Myanmar shadow government’s militia gains popular support to fight military junta

Special Myanmar shadow government’s militia gains popular support to fight military junta
This handout photo taken on May 7, 2021 shows protesters holding up signs supporting the "People's Defence Force" during a demonstration against the military coup in Dawei. (AFP)
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Updated 08 May 2021

Myanmar shadow government’s militia gains popular support to fight military junta

Myanmar shadow government’s militia gains popular support to fight military junta
  • People’s Defense Force is precursor to planned Federal Union Army aimed at bringing together armed anti-junta groups
  • Self-defense groups set up across country in wake of attacks, arrests, night raids by military

YANGON: A newly formed armed militia under Myanmar’s shadow government is gaining the support of community self-defense groups and ethnic armies against the military junta that seized control of the country more than three months ago.

Since the coup on Feb. 1, the junta has killed at least 772 civilians during nationwide protests against the army takeover and violence.

The National Unity Government (NUG), the shadow government of former lawmakers of Aung San Suu Kyi’s National League for Democracy (NLD) who were ousted by the junta, announced on Wednesday the formation of the People’s Defense Force (PDF), a precursor to the planned Federal Union Army that would bring together all groups involved in armed resistance.

The move has already been welcomed by community self-defense groups which have emerged throughout the country in the wake of constant attacks, arrests, and night raids by the military.

Zayar Win, from one of the self-defense groups in Yangon, told Arab News that in Myanmar’s largest city alone, there would be many hundreds or even thousands of people ready to take up arms.

“They are linked with each other but require leadership. With PDF leadership, I think a strong force would quickly emerge. As long as the regime is in power, there will be endless suffering of people. So, taking the military dictatorship to an end is the first priority,” he said.

Working as a construction engineer in Yangon, he used to operate a philanthropic organization that helped vulnerable groups when the coronavirus disease (COVID-19) pandemic hit the country. In April, the organization stopped its charity work and focused on supporting and fundraising for the anti-junta resistance, including those that produced explosives to attack the military.

“Sadly, we have postponed helping poor people, and shifted our focus to supporting those who are fighting the military,” he added.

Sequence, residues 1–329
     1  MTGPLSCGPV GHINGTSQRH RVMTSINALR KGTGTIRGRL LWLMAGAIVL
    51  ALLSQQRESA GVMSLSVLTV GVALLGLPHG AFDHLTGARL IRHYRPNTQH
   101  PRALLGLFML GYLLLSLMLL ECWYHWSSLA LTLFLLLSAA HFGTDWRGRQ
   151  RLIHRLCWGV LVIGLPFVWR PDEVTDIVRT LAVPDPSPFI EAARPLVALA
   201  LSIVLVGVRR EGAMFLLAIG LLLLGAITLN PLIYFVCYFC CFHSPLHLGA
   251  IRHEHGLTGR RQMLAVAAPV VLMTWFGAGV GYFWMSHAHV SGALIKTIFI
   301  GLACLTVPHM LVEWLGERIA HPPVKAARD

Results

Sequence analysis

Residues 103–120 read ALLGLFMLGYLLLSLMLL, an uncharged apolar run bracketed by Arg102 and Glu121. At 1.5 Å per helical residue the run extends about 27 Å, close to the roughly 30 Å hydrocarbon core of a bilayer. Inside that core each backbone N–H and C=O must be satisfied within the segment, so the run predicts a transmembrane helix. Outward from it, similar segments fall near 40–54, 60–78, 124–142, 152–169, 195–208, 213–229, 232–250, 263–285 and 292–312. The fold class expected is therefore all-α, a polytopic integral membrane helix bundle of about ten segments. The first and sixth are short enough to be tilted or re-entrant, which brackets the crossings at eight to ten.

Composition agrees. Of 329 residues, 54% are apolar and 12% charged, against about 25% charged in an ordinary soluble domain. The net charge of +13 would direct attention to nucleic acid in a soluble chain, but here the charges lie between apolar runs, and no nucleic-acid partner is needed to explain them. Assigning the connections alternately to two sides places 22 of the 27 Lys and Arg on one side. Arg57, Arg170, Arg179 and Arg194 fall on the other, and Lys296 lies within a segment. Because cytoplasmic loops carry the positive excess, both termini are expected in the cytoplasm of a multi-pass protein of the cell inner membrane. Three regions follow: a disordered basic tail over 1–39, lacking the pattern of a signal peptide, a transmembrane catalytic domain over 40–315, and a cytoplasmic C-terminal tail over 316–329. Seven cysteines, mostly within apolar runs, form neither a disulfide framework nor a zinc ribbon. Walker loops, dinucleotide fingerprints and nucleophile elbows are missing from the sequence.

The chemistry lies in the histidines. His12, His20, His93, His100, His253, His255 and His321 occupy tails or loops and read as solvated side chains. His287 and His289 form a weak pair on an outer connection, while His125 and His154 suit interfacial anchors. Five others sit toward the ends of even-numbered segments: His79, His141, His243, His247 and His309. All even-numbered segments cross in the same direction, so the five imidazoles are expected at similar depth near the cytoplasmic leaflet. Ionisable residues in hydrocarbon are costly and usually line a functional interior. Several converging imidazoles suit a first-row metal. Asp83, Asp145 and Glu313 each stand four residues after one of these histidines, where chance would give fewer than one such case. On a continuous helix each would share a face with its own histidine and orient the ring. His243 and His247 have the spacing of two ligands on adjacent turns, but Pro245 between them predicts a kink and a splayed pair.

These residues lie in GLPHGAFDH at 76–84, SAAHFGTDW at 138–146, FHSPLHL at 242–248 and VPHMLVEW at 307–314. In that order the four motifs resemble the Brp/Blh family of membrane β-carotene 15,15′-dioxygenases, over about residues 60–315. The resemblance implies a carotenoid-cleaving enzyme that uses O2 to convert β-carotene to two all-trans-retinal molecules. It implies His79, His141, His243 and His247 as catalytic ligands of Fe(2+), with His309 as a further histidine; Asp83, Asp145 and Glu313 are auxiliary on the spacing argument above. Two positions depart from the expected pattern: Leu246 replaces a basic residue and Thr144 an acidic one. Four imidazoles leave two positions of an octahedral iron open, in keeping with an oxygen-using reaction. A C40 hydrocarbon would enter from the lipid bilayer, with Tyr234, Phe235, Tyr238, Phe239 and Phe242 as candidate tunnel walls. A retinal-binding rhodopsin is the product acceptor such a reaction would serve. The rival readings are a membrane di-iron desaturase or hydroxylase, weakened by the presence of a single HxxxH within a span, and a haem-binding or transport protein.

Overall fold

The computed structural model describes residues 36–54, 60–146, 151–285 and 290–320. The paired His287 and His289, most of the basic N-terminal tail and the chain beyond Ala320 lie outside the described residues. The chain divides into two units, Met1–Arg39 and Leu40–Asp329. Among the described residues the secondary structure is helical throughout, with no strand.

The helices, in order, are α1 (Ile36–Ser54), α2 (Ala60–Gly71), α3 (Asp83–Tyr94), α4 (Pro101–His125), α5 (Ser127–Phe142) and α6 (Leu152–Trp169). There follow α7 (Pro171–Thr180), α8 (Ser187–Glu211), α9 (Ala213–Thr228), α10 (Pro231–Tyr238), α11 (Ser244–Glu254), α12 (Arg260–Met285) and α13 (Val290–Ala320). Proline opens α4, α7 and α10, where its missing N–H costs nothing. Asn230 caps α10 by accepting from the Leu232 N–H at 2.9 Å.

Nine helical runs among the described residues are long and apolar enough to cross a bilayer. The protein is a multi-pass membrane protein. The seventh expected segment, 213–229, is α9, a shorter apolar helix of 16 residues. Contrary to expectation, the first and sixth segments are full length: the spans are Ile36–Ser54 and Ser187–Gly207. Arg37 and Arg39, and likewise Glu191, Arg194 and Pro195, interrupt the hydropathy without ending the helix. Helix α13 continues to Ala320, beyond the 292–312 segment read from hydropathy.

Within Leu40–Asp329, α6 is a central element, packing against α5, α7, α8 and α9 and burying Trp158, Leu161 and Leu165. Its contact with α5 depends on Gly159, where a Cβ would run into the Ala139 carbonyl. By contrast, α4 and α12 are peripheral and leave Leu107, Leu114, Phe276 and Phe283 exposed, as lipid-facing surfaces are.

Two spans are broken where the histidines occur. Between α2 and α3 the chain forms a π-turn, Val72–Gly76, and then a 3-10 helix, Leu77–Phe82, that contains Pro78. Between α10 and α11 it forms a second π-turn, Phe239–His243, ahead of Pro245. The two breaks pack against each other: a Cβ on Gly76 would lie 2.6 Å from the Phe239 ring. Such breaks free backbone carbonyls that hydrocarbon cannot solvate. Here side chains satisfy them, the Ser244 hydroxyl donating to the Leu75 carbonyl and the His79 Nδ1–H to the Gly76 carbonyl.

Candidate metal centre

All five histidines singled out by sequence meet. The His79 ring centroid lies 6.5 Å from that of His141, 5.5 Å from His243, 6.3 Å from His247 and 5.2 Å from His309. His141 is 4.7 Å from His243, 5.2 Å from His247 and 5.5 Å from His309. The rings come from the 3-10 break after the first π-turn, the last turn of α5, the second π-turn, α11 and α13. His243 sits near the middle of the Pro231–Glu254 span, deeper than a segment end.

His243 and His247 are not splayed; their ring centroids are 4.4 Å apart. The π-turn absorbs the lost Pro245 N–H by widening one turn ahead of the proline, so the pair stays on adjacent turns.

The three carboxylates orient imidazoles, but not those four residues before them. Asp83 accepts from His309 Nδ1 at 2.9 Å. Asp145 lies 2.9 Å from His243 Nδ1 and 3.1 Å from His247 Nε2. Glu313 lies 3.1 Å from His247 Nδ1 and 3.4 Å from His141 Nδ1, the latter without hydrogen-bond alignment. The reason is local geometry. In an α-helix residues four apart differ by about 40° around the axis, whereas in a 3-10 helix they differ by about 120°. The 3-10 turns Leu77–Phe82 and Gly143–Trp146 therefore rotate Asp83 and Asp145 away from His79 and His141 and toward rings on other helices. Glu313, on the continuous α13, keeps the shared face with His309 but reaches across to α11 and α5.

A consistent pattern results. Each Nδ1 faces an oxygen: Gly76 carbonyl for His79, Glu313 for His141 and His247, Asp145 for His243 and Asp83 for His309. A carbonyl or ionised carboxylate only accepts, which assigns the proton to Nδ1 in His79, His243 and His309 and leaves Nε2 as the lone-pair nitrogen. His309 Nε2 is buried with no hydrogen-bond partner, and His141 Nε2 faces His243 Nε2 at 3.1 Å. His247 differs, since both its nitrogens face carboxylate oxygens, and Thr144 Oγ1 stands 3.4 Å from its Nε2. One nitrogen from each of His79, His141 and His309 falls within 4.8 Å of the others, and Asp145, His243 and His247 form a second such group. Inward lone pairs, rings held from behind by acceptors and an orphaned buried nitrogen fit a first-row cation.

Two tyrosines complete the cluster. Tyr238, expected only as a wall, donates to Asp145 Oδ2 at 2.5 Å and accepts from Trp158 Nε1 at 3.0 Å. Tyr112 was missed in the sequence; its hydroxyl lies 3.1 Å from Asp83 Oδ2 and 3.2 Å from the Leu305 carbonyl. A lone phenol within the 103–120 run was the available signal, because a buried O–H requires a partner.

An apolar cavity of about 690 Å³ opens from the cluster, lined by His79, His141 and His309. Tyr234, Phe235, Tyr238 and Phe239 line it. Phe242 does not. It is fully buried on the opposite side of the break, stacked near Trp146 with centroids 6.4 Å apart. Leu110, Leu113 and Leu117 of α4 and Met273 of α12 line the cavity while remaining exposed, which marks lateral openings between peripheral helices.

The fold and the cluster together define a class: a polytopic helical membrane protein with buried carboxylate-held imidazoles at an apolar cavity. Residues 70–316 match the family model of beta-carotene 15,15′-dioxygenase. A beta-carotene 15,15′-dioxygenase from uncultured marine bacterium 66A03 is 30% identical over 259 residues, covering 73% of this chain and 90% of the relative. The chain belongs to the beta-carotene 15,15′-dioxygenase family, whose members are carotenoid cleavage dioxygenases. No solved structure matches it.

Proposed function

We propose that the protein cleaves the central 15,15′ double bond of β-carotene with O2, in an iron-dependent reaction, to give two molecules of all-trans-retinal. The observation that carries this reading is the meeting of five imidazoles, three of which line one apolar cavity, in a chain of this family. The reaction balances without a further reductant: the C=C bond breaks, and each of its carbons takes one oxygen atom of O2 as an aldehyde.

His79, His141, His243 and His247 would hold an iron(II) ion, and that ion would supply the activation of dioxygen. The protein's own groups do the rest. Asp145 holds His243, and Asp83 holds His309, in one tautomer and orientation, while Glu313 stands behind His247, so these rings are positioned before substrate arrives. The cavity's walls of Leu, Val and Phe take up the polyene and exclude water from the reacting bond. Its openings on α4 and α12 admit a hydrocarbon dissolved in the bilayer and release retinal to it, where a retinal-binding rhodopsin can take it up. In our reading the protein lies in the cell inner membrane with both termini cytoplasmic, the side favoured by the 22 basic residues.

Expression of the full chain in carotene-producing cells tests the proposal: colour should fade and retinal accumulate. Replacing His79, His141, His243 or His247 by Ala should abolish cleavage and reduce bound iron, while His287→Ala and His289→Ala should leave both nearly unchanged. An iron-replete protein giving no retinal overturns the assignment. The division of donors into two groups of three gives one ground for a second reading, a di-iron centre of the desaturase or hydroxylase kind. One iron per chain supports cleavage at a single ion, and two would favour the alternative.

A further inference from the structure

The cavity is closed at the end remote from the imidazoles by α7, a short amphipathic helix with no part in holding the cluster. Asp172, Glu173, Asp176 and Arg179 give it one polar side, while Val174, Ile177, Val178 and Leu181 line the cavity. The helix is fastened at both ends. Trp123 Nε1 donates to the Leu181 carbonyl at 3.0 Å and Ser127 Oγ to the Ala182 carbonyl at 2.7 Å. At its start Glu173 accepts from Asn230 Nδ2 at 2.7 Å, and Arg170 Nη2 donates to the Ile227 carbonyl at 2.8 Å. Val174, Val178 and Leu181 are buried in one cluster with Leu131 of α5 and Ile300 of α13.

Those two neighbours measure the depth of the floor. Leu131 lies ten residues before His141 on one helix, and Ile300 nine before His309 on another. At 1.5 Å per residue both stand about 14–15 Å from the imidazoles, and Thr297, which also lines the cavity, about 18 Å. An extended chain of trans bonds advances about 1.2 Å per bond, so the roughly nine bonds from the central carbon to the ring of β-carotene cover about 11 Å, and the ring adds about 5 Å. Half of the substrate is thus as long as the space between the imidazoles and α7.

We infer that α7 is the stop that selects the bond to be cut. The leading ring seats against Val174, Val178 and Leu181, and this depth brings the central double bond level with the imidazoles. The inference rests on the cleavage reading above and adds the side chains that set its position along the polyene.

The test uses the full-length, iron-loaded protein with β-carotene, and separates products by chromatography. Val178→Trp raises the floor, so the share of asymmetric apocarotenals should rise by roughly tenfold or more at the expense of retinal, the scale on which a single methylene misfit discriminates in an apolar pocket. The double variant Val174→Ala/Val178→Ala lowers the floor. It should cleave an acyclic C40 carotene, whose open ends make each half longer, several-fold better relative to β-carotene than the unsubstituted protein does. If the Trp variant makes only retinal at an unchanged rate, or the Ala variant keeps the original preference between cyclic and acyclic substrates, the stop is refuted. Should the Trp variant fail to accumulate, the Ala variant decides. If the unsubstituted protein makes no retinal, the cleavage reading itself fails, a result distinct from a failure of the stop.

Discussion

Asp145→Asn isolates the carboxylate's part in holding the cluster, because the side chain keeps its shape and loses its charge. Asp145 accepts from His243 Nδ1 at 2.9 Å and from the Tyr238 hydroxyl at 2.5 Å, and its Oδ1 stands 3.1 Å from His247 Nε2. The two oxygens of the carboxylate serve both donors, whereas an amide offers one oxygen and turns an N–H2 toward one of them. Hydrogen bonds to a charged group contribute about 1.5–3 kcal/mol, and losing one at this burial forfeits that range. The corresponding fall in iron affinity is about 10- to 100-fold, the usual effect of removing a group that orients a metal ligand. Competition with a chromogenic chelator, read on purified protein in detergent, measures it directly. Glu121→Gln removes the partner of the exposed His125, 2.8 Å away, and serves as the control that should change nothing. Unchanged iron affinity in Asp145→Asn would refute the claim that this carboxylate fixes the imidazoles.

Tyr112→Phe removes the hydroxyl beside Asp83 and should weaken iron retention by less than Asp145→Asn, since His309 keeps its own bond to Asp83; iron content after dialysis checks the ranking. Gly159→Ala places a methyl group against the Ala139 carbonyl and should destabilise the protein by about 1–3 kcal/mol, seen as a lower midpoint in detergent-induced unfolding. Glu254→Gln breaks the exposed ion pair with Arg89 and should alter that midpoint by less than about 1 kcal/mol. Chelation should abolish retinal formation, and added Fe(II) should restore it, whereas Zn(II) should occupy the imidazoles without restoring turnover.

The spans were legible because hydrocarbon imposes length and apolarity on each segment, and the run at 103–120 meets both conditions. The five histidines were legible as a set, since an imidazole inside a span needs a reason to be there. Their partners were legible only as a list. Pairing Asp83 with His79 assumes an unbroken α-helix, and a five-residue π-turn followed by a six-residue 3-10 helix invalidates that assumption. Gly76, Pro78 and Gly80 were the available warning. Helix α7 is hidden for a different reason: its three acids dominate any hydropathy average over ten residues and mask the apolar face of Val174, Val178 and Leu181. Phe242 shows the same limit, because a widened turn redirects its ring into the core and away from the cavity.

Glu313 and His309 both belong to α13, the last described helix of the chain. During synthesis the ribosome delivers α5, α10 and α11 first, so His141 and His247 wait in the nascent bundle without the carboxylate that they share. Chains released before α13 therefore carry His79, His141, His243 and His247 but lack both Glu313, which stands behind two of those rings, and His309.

Many of the civilians engaged in self-defense groups have been trained by militants from the country’s ethnic groups which also oppose the junta regime.

Sadly, we have postponed helping poor people, and shifted our focus to supporting those who are fighting the military.

Zayar Win

The Karen National Union (KNU), the oldest insurgent group fighting for the greater autonomy of the eastern Karen State that borders Thailand, and the Kachin Independence Army in the northern Kachin State and northeastern Shan State that border China, have been active supporters of anti-junta resistance.

The KNU provides military training and shelter to hundreds of dissidents and protesters who have fled army persecution.

“There are many hundreds of people receiving combat training here,” a spokesperson for the KNU’s Brigade 5 told Arab News on Thursday. “There were also many people who finished training here and returned to their places of origin waiting for this moment. The PDF would be growing very fast.”

While ethnic groups support the formation of the PDF, it is not yet clear if all of them would be willing to fight under one banner, as although opposed to the current regime, ethnic minorities do not entirely trust the shadow government whose members had alienated them when they were in power.

The KNU, however, might be willing to join the fight against the common enemy, the Tatmadaw — the armed forces of Myanmar. Since late March, the group has killed more than 200 government troops in a series of clashes.

The spokesperson said: “I personally view the PDF as the armed group representing the country’s majority Bamar ethnic people. And I personally see no hurdle in unifying the armed groups of different ethnic people to fight against our common enemy, the Tatmadaw.”

But KNU secretary-general, Saw Kwe Htoo Win, on Friday told Arab News: “There are still many issues we have to make clear before making the decision.”

In one ethnic state the decision has already been taken.

Members of the Chinland Defense Force (CDF), who with home-made rifles recently killed dozens of military personnel in the mountainous Chin State bordering India, said they would join the PDF.

“We welcome the formation of the PDF, and we would cooperate with them in fighting against the regime’s forces,” a CDF spokesman told Arab News.

He said that they would also engage with the Federal Union Army when it was formed.

“We, Chin people, just want a peaceful life. Once the revolution is over, we will return to our farmland,” he added.